[11] It consists mostly of livestock but also sorghum, pearl millet, maize (corn), peanuts, rice and cotton.
[14] Trade and Structural Adjustment: Embracing Globalisation (OECD, 2005),3355,en_2649_33705_1_1_1_1_1,00.html
[15] Agricultural subsidy is the process whereby governments give large sums of money to agriculture traders and farmers to increase their overall profits; this allows these exporters to drastically reduce the prices of their goods.
[19] How agricultural subsidies in rich countries hurt poor nations, Wole Akande, columnist (Nigeria)/ 19Oct 02.
[22]"Sugar's First Family," Center for Responsive Politics, at
[23] How agricultural subsidies in rich countries hurt poor nations, Wole Akande, columnist (Nigeria)/ 19Oct 02.
[24] The US handed out $3.9 billion in subsidies to 25 000 cotton farmers in 2001–2002, more than the GDP of Burkina Faso, where 2 million people depend on cotton for their livelihood.
[25]Doha WTO Ministerial 2001: Ministerial Declaration, WT/MIN(01)/DEC/1, Geneva: World Trade Organization, 14 November.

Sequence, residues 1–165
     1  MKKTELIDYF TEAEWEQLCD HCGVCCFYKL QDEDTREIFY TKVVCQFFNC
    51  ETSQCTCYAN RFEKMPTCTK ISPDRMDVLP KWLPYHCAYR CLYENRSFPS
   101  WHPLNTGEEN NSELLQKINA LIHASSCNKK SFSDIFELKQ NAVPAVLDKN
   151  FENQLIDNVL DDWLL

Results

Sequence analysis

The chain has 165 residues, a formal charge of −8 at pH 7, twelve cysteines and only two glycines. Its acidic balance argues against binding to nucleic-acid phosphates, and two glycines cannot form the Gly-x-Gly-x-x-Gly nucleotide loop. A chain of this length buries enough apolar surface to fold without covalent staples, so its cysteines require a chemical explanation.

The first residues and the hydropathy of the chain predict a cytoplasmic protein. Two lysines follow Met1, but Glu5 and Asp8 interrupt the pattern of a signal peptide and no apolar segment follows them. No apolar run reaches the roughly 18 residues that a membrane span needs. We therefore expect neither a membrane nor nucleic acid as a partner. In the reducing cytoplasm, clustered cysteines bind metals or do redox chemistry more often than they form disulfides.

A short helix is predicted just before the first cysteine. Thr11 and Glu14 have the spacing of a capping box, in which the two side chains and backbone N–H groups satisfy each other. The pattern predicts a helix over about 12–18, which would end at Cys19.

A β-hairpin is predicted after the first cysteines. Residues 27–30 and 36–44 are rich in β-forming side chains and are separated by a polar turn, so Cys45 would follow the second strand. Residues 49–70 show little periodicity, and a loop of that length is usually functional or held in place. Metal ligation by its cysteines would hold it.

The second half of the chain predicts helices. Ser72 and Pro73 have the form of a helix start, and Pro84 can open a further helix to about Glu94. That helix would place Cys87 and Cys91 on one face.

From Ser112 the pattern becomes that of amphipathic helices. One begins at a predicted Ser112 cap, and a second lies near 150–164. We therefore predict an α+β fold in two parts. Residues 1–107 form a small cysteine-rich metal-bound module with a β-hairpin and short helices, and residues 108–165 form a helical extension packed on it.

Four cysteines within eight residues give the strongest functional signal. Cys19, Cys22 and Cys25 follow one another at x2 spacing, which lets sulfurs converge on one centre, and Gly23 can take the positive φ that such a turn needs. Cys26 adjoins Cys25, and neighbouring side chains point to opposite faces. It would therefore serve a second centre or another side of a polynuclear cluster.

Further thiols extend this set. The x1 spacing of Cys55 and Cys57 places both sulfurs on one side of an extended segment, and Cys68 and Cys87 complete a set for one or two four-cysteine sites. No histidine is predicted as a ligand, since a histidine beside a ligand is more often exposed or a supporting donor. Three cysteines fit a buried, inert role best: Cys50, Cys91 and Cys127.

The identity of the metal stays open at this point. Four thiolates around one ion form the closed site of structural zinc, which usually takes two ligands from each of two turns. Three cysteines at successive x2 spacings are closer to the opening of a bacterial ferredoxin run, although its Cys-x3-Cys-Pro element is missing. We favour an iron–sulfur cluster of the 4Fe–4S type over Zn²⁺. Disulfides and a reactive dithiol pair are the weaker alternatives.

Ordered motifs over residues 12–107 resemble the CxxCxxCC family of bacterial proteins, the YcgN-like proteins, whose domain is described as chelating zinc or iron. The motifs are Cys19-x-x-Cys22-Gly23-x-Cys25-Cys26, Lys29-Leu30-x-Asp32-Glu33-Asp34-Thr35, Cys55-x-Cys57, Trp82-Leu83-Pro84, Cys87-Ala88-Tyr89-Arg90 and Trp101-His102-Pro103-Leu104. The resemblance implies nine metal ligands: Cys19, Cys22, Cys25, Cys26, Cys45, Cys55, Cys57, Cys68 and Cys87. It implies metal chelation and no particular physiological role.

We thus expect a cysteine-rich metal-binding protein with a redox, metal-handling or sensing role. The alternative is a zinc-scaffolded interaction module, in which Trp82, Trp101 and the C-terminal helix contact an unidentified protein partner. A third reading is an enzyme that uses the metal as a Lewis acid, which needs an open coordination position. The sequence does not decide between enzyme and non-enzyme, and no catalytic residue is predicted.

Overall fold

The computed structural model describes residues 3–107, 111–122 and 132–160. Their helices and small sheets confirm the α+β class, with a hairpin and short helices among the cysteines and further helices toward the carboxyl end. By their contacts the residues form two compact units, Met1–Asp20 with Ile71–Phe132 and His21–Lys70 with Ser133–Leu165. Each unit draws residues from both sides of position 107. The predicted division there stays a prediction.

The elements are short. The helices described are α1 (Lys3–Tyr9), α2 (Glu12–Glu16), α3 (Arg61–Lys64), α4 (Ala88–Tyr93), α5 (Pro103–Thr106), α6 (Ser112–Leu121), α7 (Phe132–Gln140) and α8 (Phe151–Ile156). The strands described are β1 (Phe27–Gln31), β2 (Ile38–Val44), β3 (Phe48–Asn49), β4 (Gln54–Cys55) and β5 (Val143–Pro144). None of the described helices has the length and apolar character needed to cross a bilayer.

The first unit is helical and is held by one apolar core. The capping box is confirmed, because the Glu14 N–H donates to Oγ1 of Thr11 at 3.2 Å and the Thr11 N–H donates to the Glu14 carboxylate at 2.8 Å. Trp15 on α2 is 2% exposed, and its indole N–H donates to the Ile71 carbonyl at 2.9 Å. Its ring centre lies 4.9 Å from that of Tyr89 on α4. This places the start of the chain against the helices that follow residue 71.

[26]During three centuries of modern economics, there has been only one significant episode involving a major liberalization of agricultural protectionism, namely the mid-nineteenth century repeal of Britain's Corn Laws. OECD (2002), Agricultural Policies in OECD Countries: Monitoring and Evaluation, Paris: OECD.
[27]Grossman, Gene and Helpman, Elhanan (2003) Innovation and Growth in the Global, Technology and International Trade in Witt, Ulrich (2003) The Evolving Economy, Cheltenham, Edward Elgar, Aldershot.
[28] Multilateral Trade Negotiation: The Case of Small Developing Countries, First draft: April 27, 2006 (Preliminary) Kornkarun Kungpanidchakul
[29] In 1996, five MNCs accounted for about 50 % of world trade in green coffee, and four coffee roasters accounted for 50 % of the roasted coffee market. In cocoa, the number of trading houses in London has been reduced from 30 in 1980 to around 10 in 1999. The six largest chocolate manufacturers account for 50 % of world chocolate sales.
[30] Some examples of that are: 4 firms control 50 % of the US broiler market and 46 of the US pork market, and 4 firms control 80 % of the US beef packaging and 60 percent of the pork packing market. Monsanto and Syngenta account together for 35 % of the global market for crop protection and 19 % of the one for seeds.
[32] Paragraph 42 of Ministerial Declaration of the 4th WTO Ministerial Conference in Doha in November 2001 states: “We commit ourselves to the objective of duty-free, quota-free market access for products originating from LDCs”.
The paragraph 68(h) of the program of action for LDCs, endorsed at the third UN Conference on LDCs, states: “Improving preferential market access for LDCs by working towards the objective of duty-free and quota-free market access for all LDCs’ products. This will apply to the markets of developed countries”.